Dec 14, 2022
Shiner's Dollars with Sense: Winter 2022
Farmer reaps tax liability when CRT could have harvested tax benefits
A Charitable Remainder Trust (CRT) can be a great way to defer income tax and obtain a charitable deduction. A CRT works especially well when funded with a highly appreciated long-term capital asset, such as publicly traded stock or real estate.
A CRT is a special trust that is generally exempt from tax. The CRT pays an annuity to the non-charitable beneficiary for life or for a term of years and the remainder interest passes to charity. The income tax character of the annuity depends on the categories of income earned by the CRT. If the CRT’s only income is capital gain recognized on the sale of the appreciated asset, then the annuity will be taxable to the beneficiary as long-term capital gain until the capital gain is fully distributed. Also, an income tax charitable deduction is generated equal to the present value of the remainder interest.
In Furrer v. Commissioner, T.C. Memo 2022-100, the taxpayer, an Indiana farmer, attempted to use a CRT to avoid paying income taxes. There, the farmer contributed bushels of corn and soybeans to a CRT. The CRT sold the crops for $469,003 and used the proceeds to purchase a single premium immediate annuity, which paid the farmer $84,368 each year. The CRT then paid $47,000 to the charitable remainderman. The CRT correctly did not report gain on the sale of the crops, but the farmer incorrectly took the position that the annuity constituted a tax-free return of corpus.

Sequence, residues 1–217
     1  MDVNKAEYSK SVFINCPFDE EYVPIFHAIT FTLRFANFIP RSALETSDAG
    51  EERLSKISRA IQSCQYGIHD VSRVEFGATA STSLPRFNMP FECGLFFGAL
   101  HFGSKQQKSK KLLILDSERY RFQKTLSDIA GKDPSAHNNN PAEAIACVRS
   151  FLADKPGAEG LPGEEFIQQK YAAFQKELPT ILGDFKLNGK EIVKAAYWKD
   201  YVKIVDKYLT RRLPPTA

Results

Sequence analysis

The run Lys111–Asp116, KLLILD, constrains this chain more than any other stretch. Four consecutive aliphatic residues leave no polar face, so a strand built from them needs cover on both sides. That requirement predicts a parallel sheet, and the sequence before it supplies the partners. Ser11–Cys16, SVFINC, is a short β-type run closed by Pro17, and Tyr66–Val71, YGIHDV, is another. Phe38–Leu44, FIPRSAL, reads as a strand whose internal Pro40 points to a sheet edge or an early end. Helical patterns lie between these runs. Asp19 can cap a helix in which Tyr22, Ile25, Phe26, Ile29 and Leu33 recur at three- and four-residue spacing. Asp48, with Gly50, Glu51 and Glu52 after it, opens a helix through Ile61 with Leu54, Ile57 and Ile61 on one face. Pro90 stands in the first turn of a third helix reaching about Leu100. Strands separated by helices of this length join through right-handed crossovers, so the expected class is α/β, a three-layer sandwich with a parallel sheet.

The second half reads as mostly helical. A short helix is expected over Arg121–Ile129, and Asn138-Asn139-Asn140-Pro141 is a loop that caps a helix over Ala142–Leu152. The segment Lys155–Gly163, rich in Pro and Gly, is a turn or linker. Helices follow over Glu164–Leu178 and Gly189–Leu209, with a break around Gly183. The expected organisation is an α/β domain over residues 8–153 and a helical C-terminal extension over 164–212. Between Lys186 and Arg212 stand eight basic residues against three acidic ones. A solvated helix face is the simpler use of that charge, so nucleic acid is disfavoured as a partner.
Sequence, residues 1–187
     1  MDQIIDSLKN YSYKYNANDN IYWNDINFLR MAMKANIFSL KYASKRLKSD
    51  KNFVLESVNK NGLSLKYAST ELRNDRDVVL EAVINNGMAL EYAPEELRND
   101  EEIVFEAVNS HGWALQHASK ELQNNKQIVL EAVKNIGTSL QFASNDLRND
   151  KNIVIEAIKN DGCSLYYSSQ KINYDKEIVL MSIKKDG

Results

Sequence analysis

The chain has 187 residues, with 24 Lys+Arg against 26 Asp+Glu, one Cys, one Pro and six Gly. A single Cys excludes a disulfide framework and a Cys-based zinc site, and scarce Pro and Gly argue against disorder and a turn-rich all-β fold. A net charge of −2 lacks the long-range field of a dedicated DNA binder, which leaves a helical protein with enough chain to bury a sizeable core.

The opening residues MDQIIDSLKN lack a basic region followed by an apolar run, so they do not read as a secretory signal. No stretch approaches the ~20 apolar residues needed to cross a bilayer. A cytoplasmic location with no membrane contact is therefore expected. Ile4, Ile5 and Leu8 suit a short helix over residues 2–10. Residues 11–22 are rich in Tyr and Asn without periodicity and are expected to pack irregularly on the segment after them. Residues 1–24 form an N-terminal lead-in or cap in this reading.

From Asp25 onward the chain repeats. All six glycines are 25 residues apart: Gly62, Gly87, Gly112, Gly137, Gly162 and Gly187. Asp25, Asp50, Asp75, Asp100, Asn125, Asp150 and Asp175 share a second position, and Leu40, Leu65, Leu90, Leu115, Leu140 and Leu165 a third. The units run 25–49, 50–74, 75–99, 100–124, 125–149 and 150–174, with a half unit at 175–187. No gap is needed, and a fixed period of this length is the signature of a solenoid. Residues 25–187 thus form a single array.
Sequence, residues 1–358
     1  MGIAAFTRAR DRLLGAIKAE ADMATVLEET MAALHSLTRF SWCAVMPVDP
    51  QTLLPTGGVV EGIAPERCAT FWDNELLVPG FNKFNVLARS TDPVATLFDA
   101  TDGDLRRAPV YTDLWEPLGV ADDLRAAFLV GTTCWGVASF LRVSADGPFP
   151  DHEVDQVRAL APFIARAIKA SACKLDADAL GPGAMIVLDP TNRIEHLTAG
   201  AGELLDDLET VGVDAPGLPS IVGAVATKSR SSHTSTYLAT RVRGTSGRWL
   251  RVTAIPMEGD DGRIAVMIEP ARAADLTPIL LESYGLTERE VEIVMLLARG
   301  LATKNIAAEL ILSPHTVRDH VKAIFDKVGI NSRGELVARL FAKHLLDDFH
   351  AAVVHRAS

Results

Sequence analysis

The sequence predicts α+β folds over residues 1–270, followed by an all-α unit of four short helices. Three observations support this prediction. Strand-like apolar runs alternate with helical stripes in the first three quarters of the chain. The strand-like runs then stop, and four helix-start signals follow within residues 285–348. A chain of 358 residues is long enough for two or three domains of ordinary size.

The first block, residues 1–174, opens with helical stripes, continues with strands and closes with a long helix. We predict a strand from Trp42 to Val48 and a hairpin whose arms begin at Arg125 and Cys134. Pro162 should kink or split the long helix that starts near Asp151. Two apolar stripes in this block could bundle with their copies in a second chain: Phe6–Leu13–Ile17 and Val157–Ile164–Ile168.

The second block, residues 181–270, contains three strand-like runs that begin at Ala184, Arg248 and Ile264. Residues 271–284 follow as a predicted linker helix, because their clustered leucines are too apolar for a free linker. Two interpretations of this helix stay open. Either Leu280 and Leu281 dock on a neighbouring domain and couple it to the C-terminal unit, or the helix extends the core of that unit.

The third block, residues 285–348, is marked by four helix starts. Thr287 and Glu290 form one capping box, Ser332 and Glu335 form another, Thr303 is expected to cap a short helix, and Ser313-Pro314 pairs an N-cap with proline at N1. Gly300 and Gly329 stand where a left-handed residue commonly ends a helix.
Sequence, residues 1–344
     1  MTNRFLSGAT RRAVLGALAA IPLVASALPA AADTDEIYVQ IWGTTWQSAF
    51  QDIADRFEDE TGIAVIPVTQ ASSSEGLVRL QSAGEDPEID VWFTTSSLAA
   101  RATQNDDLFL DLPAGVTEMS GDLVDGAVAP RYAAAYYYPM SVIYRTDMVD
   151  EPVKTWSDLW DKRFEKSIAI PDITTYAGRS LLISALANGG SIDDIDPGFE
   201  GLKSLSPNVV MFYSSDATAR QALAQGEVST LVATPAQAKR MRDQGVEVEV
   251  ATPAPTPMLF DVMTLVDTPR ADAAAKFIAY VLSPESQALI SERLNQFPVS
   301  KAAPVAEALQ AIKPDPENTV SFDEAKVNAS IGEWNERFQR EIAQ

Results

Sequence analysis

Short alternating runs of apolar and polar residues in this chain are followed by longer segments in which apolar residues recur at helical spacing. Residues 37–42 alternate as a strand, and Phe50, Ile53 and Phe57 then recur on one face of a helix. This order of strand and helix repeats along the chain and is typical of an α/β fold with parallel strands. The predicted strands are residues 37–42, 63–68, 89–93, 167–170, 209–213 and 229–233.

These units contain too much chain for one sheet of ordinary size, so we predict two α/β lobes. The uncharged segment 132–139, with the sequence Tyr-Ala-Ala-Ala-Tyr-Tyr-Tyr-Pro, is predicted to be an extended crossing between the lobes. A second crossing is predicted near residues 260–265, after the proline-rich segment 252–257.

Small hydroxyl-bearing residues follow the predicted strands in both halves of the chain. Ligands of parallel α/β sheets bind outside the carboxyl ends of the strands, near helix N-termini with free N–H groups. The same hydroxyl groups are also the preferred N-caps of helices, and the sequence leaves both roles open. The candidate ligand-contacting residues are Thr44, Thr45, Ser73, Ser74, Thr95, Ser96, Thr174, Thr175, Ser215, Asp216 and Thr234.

The Tax Court ruled that the crops constituted ordinary income property because the crops were inventory to the farmer. Further, the basis in the crops was zero because the farmer had fully expensed all costs of growing the crops. Therefore, the CRT realized $469,003 of ordinary income on the sale of the crops. Under the ordering rules, the annuity amounts distributed by the CRT to the farmer is treated as ordinary income to the extent of the CRT’s ordinary income. Accordingly, the annuity was taxable to the farmer as ordinary income in each year until all ordinary income is distributed.
While Furrer is an example of how not to use a CRT, please contact us on how to properly use a CRT to defer income tax and obtain a charitable deduction.
Client alert authored by: David B. Shiner (312 855 4319), principal.
This Chuhak & Tecson, P.C. communication is intended only to provide information regarding developments in the law and information of general interest. It is not intended to constitute advice regarding legal problems and should not be relied upon as such.